Help @MathCenter

Mathematics graduate students who are TAs hold office hours in RE-129. Any TA can help with any course they have some knowledge about, when they are not busy with students in their assigned courses. Make sure you use this great resource!

Software help

If you decide to use Macaulay2, you might want to consult a chapter by Bernd Sturmfels from a book on Macaulay2.
Information on how to use Mathematica/Maple for computations with Gröbner bases may be found in Appendix C of the textbook.
(Note: Maple packages tend to be rather slow in comparison with a dedicated system such as Macaulay2.)

Help with typing math: TeX, etc.

You are encouraged to type your assignments. You can access LaTeX in the computer labs; more information and help can be found on this departmental page. Note: for Macs, I recommend TeXShop.
You might also consider using the what-you-see-is-what-you-get text editor TeXmacs; it makes it unnecessary for you to learn the LaTeX typesetting language while producing output of comparable quality. The program is freely downloadable, available for various platforms, able to import and export LaTeX files, and offers a plugin for Macaulay 2.

Math 431/530: Computational Algebraic Geometry // Applied/Computational Algebra

Required coursework

Participation Regular class attendance and class participation is important and expected. You are expected to come to lectures, participate in discussions, read the textbook (including examples not covered in class), and ask questions. Students are responsible for all announcements and supplements given within any lecture. All cell phones must be silenced before entering the classroom. You may not use your phones, computers, etc., for anything other than class-related activities.

From time to time, there will be a 5-10 minute quiz at the beginning or end of a lecture. These may or may not be announced in advance (if unanounced, it will be an open-notes quiz). Quizzes will usually cover topics from two most recent HWs.

This term we will be using Campuswire for particpation, class discussion, chats, Q&A, etc. The system is highly catered to getting you help fast and efficiently from classmates, the TA, and myself. Rather than emailing questions to the teaching staff, I encourage you to post your questions on Campuswire. You can post anonnymously and chat directly with other students who are online. Find our class page here.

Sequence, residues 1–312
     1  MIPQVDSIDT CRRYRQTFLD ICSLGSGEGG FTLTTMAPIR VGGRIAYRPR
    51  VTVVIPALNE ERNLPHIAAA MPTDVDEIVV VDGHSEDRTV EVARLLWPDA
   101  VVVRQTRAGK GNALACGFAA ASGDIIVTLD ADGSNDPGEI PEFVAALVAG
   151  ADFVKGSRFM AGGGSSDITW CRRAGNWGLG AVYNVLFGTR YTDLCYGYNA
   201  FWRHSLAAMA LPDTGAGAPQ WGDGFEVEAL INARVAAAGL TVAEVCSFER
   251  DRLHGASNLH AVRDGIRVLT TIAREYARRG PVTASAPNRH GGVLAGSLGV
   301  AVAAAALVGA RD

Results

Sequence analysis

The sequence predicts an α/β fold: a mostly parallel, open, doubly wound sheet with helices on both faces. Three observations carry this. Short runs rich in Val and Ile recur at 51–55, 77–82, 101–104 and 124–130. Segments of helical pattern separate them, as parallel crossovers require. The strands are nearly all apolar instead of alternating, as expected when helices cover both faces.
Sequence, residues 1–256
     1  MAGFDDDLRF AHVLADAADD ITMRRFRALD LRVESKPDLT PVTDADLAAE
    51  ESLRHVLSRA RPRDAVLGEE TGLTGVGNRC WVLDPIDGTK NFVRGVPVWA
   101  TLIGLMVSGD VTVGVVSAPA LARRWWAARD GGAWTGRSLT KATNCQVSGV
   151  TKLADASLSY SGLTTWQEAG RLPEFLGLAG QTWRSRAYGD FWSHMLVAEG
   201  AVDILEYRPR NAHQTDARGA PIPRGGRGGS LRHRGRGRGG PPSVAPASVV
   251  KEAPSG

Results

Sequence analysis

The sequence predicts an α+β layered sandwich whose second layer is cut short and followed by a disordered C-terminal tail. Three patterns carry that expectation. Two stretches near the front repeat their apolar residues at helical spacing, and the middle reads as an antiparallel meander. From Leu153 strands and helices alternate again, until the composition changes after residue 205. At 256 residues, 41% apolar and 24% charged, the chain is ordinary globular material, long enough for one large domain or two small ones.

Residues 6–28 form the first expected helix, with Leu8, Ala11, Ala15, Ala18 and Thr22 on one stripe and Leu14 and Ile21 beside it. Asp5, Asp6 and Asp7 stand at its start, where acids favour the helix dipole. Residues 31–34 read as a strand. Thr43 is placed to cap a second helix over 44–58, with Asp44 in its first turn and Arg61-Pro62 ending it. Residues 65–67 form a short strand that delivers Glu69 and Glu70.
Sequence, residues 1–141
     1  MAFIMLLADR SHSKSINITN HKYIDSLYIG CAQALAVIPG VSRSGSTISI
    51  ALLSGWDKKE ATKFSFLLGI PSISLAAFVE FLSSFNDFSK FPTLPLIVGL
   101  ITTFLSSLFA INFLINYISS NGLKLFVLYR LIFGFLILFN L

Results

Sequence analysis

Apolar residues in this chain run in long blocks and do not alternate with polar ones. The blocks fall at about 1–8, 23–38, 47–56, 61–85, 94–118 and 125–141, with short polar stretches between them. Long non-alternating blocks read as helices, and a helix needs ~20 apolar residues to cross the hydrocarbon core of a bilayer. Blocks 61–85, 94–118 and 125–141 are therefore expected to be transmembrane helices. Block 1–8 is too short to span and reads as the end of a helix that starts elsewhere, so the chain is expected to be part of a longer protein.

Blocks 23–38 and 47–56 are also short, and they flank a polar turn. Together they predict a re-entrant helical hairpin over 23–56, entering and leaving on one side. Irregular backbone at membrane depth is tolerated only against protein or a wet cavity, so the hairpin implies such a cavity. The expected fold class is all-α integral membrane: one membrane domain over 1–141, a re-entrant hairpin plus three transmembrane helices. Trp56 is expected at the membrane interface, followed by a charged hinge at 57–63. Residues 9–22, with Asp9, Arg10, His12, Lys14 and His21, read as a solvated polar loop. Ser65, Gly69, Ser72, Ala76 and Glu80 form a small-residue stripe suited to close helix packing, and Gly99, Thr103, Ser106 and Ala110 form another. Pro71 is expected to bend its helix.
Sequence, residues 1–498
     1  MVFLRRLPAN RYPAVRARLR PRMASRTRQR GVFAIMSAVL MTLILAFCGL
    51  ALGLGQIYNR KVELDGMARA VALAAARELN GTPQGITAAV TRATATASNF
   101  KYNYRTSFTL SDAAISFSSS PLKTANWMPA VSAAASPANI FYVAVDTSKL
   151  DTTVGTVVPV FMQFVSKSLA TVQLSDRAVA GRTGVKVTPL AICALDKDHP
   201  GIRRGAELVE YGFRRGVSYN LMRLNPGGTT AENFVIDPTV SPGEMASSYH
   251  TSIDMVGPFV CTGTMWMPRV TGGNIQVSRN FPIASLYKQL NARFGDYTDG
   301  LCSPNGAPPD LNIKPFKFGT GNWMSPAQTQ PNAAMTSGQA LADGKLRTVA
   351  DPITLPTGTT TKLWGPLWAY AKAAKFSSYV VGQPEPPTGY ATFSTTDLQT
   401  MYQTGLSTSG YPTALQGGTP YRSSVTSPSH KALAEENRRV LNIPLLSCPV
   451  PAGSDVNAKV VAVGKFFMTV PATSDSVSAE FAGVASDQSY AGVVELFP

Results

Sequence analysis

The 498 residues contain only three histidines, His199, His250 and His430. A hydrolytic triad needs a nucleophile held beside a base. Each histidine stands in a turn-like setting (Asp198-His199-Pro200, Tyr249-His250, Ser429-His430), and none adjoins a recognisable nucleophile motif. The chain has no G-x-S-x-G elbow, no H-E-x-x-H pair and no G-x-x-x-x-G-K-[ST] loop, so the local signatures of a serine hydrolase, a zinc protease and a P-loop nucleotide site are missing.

Homework Homework problem sets will be posted online at least one week before the due date. Typically, there will be weekly homework, with possible exceptions around exam time. There will also be reading assignments to which you will be asked to respond (typically on Campuswire).
Important note: Solutions to homework problems and exams must be written clearly, legibly, and concisely and will be graded on mathematical correctness and presentation. Points will be deducted for sloppiness, incoherent or insufficient explanation, or for lack of supporting rationale. Include enough detail in your solutions so that your explanation is convincing to someone who hasn’t thought about the problem before. The proofs/arguments should be presented so that your classmates could read them and follow the logic (step-by-step). If you use software, make sure to include your code in the assignment write-up, so your work can be graded properly.
Exams There will be a regular in-class exam sometime mid-semester, the date to be determined at least two weeks in advance. Exam dates and topics covered will be announced on the course homepage and in class. Make-up exams will be given only in case of a documented emergency. A comprehensive final exam will be given during the IIT final exam week.
Exams will generally consist of three types of problems: (1) examples, counterexamples, definitions; (2) algorithms, computations and applications; (3) proofs (some routine, some of moderate difficulty).
Project Students are required to work on an independent project, typically during the second half of the semester. The project will involve studying a class-related topic, and writing a short summary paper on this subject, which will go through several stages of revision. Your paper should be self-contained and accessible to the other participants in the class. Achieving this should take approximately 10 pages. At the end of the course, you will read a referee report written by another student in the class, and you will also write such a report about the paper of another student. A list of possible topics will be posted in February.

It is expected that the project will be done in groups of two (math 431) or individually (math 530); but this information will be determined after the start of the semester, based on final class size.